In 2015, we called I-375 "America's silliest interstate," and advocated for its removal in a three-part series that reimagined possible uses of the land. [Read part one
, and three
in that series]
And at long last, the city and state will get to put those ideas into practice. Earlier this month, the Michigan Department of Transportation (MDOT) announced that it would be demolishing the I-375 freeway.
"The commitment to remove I-375 and restore surface streets puts Detroit firmly in the ranks of cities trying to undo the damage done a half-century ago by ramming high-speed freeways through urban neighborhoods," writes John Gallagher for the Detroit Free Press
Built in 1964 as an accommodation to suburbanites working downtown at a cost of $50 million, I-375 displaced thousands of African American Detroiters and wiped out the city's historic and vibrant Black Bottom neighborhood. All for a 1.067-miles-long interstate.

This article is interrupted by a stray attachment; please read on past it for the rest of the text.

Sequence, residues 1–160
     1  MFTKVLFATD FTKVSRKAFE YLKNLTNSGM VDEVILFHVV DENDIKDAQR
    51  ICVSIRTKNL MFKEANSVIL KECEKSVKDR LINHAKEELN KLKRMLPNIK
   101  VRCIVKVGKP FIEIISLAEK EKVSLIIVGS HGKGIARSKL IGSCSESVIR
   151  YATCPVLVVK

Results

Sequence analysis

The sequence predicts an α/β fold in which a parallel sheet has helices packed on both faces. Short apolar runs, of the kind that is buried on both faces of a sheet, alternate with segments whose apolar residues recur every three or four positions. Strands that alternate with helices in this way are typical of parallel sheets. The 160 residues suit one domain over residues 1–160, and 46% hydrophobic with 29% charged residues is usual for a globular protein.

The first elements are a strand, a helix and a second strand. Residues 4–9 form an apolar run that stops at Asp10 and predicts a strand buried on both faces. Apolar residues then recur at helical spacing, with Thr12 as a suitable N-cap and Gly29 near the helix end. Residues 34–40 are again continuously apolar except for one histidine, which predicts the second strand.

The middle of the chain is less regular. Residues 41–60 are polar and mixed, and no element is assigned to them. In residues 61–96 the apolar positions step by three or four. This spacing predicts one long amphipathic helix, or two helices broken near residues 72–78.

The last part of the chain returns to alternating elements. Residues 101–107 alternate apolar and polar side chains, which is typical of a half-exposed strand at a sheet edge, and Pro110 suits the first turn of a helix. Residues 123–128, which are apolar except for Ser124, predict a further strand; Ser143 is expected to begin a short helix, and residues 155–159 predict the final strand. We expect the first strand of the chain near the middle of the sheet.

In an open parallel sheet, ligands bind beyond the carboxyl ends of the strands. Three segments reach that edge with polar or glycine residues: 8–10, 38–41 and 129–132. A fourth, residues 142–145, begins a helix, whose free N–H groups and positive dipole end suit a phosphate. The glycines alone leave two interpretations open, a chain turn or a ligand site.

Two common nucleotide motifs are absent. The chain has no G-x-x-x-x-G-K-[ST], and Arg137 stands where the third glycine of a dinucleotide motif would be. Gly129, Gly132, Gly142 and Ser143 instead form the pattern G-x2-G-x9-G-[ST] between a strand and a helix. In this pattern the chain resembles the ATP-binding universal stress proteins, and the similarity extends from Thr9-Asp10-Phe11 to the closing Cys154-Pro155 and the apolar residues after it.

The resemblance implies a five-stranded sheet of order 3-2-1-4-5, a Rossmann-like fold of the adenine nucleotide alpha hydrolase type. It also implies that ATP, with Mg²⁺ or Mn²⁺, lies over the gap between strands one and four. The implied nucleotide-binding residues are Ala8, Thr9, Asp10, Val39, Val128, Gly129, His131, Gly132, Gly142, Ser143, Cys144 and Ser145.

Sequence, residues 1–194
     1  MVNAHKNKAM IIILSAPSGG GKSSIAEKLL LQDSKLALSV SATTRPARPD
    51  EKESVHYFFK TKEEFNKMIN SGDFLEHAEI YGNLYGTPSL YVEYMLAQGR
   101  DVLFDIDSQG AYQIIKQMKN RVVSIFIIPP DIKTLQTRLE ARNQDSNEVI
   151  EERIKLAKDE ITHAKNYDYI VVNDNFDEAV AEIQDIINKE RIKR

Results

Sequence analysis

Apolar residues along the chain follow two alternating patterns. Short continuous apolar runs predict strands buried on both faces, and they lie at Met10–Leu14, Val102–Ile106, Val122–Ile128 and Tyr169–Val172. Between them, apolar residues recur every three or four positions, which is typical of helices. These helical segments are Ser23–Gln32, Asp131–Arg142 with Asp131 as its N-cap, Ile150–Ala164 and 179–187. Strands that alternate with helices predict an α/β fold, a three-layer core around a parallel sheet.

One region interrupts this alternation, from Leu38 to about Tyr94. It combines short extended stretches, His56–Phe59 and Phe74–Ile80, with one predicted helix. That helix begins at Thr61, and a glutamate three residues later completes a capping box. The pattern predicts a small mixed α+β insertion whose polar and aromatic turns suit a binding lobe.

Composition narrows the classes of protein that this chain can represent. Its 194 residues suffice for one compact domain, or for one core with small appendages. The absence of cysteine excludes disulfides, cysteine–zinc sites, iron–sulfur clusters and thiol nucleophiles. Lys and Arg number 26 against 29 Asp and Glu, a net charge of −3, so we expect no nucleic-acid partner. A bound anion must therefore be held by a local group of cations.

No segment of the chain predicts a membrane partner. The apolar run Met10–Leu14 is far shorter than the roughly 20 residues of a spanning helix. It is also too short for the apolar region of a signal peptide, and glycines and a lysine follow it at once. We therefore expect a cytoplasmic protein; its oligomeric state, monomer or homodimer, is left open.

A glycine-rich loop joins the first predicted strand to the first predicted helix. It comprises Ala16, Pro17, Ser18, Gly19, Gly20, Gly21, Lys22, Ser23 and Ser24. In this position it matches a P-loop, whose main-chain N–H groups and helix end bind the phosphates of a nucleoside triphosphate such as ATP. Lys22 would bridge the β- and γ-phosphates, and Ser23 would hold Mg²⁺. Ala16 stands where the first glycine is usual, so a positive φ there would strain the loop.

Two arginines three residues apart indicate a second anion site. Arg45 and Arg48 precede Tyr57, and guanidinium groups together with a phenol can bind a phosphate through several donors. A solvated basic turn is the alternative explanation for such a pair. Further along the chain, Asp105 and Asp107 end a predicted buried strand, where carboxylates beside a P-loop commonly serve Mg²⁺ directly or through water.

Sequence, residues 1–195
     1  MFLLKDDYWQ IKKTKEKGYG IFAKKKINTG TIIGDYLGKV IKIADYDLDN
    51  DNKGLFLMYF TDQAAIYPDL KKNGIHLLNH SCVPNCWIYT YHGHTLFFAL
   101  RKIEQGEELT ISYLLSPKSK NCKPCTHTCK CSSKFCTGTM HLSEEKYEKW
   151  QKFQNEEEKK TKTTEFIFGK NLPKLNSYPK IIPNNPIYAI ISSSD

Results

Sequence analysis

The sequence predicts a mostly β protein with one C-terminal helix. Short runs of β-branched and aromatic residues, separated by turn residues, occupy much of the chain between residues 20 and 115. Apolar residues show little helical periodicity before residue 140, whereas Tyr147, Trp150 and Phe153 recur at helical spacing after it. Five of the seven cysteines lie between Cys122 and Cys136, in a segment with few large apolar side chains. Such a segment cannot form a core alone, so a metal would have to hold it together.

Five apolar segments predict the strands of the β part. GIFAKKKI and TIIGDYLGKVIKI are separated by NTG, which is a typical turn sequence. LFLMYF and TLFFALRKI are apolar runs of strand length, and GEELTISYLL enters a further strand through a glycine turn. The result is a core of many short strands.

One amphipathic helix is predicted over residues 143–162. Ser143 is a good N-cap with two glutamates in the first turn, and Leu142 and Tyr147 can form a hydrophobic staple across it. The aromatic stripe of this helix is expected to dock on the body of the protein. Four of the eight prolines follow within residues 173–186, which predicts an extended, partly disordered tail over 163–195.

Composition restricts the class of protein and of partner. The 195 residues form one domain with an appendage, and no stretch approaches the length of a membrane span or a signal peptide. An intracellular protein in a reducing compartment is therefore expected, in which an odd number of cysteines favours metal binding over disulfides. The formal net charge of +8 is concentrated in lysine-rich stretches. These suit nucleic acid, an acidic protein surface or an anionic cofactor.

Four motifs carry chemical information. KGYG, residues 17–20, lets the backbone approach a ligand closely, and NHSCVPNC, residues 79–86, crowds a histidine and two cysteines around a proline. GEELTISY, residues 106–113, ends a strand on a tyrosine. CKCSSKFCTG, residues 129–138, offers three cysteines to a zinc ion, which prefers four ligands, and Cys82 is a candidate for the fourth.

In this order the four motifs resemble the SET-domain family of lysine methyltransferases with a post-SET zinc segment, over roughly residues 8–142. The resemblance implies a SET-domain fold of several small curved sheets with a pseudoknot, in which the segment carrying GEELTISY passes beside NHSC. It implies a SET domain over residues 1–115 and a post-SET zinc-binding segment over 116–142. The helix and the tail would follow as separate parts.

"At the mid-20th Century, urban planners believed that high-speed freeways were essential to creating efficient, modern urban areas," writes Gallagher. "Cities everywhere pushed expressways through their older street grids. But, in hindsight, expressways did incalculable damage to cities like Detroit, destroying viable neighborhoods and facilitating the flight of residents to the suburbs."
The current plan, which likely won't begin until 2022, would be to restore surface streets with medians and bike lanes.